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Press release with author’s message
—From ArCS II News Letter vol.3—

ArCS II Newsletter No.3 introduced press releases issued in 2021 summer and fall with authors’ messages telling their thoughts, future prospect, and backstories of their research projects. The topics include sources of ice core dust, the movement of a glacier sliding into the sea, and international data analysis on terrestrial ecosystems.

First high-resolution record of Greenland ice core dust sources over the past 100 years

Naoko Nagatsuka
(Meteorology and Glaciology Group, National Institute of Polar Research)

I have been visiting Greenland for nearly a decade, working to shed light on the source of mineral dust flying onto the ice sheet. However, it is difficult to analyze dust preserved in Greenland ice cores, especially from interglacial periods, due to low density. This difficulty has made the study a challenging task for many years. This time, our recent analysis using scanning electron microscopy has succeeded for the first time in elucidating how the sources of dust in a Greenland ice core have changed over the past 100 years. These findings are essential in assessing the impact of climate change on Arctic environmental fluctuations. Therefore, I am very happy and proud of my contribution to the results. Using the new knowledge obtained from the research, I would like to further contribute to predicting future environmental changes in Greenland.

Title Variations in mineralogy of dust in an ice core obtained from northwestern Greenland over the past 100 years
Journal Climate of the Past
Published June 21, 2021
Authors Nagatsuka, N., Goto-Azuma, K., Tsushima, A., Fujita, K., Matoba, S., Onuma, Y., Dallmayr R., Kadota, M., Hirabayashi M., Ogata J., Ogawa-Tsukagawa Y., Kitamura K., Minowa, M., Komuro, Y., Motoyama, H., Aoki, T.
DOI 10.5194/cp-17-1341-2021

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Underwater seismometer can hear how fast a glacier moves

Evgeny A. Podolskiy
(Arctic Research Center, Hokkaido University)

Observations near marine-terminating glaciers are challenging but essential for understanding related rapid changes today and in the future. In our study, we deployed an Ocean Bottom Seismometer (OBS) next to a glacier. Such OBSs are used for monitoring submarine earthquakes near subduction zones offshore Japan. However, our station remained on the seafloor next to a Greenlandic glacier. The OBS was hidden from the harsh polar environment, giant icebergs, and one of the noisiest environments on Earth. As a result, we detected continuous seismic radiation from a glacier sliding, reminiscent of a slow earthquake. The tectonic slow-earthquake phenomenon was discovered in Japan ~20yrs ago. We find it also takes place under a glacier and provides an opportunity to investigate sliding. The story behind our study appeared in Nature Podcast, where one can listen to underwater sounds collected by our station. Next, we hope to establish long-term underwater observations near glaciers.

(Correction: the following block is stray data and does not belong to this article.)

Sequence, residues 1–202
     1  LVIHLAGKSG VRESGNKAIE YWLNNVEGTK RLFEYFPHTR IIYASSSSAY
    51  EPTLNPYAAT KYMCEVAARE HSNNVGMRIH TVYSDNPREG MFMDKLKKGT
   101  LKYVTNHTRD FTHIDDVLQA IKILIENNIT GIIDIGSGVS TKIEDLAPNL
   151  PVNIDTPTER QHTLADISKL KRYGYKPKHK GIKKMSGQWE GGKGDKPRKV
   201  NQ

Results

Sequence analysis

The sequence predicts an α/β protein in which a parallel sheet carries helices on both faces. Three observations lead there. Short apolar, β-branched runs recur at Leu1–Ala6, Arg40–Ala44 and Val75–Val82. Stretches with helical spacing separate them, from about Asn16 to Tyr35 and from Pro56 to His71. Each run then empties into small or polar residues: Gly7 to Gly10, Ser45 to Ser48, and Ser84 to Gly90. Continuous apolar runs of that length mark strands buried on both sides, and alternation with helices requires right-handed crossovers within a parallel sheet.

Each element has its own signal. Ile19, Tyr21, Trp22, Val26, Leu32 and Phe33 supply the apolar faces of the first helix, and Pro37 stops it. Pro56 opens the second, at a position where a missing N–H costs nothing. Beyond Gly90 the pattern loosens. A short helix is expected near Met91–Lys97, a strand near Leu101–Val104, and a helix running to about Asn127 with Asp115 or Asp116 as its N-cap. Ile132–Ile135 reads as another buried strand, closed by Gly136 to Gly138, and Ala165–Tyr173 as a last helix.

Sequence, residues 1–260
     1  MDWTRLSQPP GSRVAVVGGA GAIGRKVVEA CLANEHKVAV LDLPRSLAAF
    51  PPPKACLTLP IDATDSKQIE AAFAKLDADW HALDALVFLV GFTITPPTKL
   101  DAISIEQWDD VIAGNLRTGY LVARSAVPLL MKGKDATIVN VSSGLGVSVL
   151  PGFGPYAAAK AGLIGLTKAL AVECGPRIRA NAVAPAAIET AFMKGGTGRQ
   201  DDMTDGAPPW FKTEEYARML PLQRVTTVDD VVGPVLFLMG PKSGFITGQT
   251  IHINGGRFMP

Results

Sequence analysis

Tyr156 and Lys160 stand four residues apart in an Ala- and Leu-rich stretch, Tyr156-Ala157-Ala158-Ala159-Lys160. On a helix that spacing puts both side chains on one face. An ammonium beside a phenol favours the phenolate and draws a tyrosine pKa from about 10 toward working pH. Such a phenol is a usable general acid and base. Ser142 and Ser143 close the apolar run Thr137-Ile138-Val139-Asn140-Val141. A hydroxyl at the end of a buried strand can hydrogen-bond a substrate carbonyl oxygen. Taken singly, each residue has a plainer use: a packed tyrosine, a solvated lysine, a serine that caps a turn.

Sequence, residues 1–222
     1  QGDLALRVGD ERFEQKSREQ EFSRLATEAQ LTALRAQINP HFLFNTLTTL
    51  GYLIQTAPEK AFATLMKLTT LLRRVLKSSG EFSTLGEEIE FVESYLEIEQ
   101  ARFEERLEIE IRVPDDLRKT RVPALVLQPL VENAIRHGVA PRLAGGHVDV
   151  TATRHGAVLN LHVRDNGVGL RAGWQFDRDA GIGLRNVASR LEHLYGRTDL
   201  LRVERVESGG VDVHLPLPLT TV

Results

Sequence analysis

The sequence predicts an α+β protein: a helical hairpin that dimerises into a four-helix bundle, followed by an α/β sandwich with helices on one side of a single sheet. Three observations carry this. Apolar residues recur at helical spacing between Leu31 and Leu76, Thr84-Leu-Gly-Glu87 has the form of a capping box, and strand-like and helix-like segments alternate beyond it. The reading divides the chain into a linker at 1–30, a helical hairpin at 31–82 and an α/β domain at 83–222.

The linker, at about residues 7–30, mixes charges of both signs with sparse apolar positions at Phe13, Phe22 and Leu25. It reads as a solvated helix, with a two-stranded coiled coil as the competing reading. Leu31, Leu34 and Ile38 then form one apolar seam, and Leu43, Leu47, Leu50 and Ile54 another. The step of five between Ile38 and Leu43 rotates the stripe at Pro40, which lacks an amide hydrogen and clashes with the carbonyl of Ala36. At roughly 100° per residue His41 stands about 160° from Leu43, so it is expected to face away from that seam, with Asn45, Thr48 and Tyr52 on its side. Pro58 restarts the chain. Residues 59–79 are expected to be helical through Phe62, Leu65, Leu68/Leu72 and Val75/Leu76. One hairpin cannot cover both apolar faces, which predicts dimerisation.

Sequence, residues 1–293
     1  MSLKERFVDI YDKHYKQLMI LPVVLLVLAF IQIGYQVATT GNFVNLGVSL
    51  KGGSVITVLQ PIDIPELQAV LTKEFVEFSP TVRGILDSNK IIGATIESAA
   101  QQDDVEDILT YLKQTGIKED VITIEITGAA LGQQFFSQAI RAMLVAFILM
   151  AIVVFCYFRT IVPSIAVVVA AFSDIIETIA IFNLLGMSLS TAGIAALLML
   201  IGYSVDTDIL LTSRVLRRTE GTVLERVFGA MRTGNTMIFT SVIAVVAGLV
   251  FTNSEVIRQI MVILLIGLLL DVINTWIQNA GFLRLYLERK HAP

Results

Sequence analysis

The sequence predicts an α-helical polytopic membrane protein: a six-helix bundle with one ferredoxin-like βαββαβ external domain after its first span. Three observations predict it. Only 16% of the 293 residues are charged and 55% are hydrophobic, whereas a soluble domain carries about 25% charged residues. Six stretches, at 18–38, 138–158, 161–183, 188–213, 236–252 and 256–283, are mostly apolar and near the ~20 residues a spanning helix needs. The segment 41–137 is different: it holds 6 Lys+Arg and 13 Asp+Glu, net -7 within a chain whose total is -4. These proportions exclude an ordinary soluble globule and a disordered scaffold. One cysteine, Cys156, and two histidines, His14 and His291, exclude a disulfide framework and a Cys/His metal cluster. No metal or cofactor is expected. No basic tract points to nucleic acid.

Title Ocean-bottom and surface seismometers reveal continuous glacial tremor and slip
Journal Nature Communications
Published June 24, 2021
Authors Podolskiy, E. A., Murai, Y., Kanna, N., Sugiyama, S.
DOI 10.1038/s41467-021-24142-4

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Researchers find functioning of terrestrial ecosystems governed by three main factors

Hideki Kobayashi
(Research Institute for Global Change, JAMSTEC)

This study is the result of an international data analysis led by researchers in Europe and the United States. It also comprises the result of on-site observations at the international base in Alaska and prompt open data conversion, which was initiated via a joint research project between JAMSTEC and IARC in 2010 and has been continued by ArCS and ArCS II project for over 10 years. I believe that it will become more and more important to create comprehensive results through international collaborative research like this project. I would like to take the initiative to participate in future international collaborative studies and help produce results.

Title The three major axes of terrestrial ecosystem function
Journal Nature
Published September 22, 2021
Authors Migliavacca, M., Musavi, T., Mahecha, M. D., Nelson, J. A., Knauer, J., Baldocchi, D. D., Perez-Priego, O., Christiansen, R., Peters, J., Anderson, K., Bahn, M., Black, T. A., Blanken, P. D., Bonal, D., Buchmann, N., Caldararu, S., Carrara, A., Carvalhais, N., Cescatti, A., Chen, J., Cleverly, J., Cremonese, E., Desai, A. R., El-Madany, T. S., Farella, M. M., Fernández-Martínez, M., Filippa, G., Forkel, M., Galvagno, M., Gomarasca, U., Gough, C. M., Göckede, M., Ibrom, A., Ikawa, H., Janssens, I. A., Jung, M., Kattge, J., Keenan, T. F., Knohl, A., Kobayashi, H., Kraemer, G., Law, B. E., Liddell, M. J., Ma, X., Mammarella, I., Martini, D., Macfarlane, C., Matteucci, G., Montagnani, L., Pabon-Moreno, D. E., Panigada, C., Papale, D., Pendall, E., Penuelas, J., Phillips, R. P., Reich, P. B., Rossini, M., Rotenberg, E., Scott, R. L., Stahl, C., Weber, U., Wohlfahrt, G., Wolf, S., Wright, I. J., Yakir, D., Zaehle, S., Reichstein, M.
DOI 10.1038/s41586-021-03939-9

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